Erika Derkas is Associate Professor of Sociology and Women’s Studies at New Mexico Highlands University and is an active researcher in the area of reproductive justice, particularly, international sex worker organizing, population control, and sterilization abuse among poor women and women of color. She is currently the co-director of the Women’s Studies program and the Women’s Center at Highlands University and has been involved in feminist organizing for numerous years. She is a participating member of the National Women’s Studies Association, an ally member of SisterSong: A women of color reproductive justice collective. She is currently working on the SisterSong Reproductive Justice Anthology with Pamela Bridgewater, Lynn Roberts, and Loretta Ross.
Philip Hiscock teaches in Memorial University’s Folklore Department and takes pictures of everything.
Jeffrey G. Howard
Jeffrey G. Howard is currently a Ph.D. candidate at Idaho State University where he also teaches first-year composition. He received his M.A. in Literature and Writing from Utah State University. His research interests include children's folklore, supernatural folklore, foodways, eighteenth-century British authors, and composition studies. He received his B.A. from Brigham Young University–Idaho in 2010 with an emphasis in Professional Writing.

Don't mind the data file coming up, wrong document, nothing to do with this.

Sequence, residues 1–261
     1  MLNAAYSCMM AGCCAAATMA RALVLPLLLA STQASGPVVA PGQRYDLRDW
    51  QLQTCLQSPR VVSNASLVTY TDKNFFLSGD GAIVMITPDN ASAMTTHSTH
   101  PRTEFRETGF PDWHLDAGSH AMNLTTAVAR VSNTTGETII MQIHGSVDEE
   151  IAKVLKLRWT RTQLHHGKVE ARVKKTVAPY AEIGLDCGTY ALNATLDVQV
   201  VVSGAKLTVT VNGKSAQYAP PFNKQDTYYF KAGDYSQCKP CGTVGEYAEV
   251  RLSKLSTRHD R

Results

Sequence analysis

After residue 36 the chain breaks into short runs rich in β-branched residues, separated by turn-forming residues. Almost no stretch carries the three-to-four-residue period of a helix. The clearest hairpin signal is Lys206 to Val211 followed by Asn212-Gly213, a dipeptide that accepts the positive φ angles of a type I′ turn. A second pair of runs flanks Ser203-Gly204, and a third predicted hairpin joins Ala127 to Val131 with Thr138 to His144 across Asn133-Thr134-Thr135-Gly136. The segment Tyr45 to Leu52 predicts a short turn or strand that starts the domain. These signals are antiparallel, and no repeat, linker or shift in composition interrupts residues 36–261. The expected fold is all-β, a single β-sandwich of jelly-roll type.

Jeffrey Kallen is an Associate Professor in Linguistics and Phonetics at Trinity College Dublin. Following an interdisciplinary BA in Folklore Studies (Fairhaven College, Western Washington University), he moved to Linguistics (MA, University of Washington) before doing a PhD on the English Language in Ireland (Trinity College Dublin). Though he works primarily with social and historical aspects of Irish English, his other research interests include the Linguistic Landscape (language in the signage of public spaces), discourse analysis (including linguistic politeness and the uses of silence), and semiotics (where Foodways unite the social, the aesthetic, and the practical.)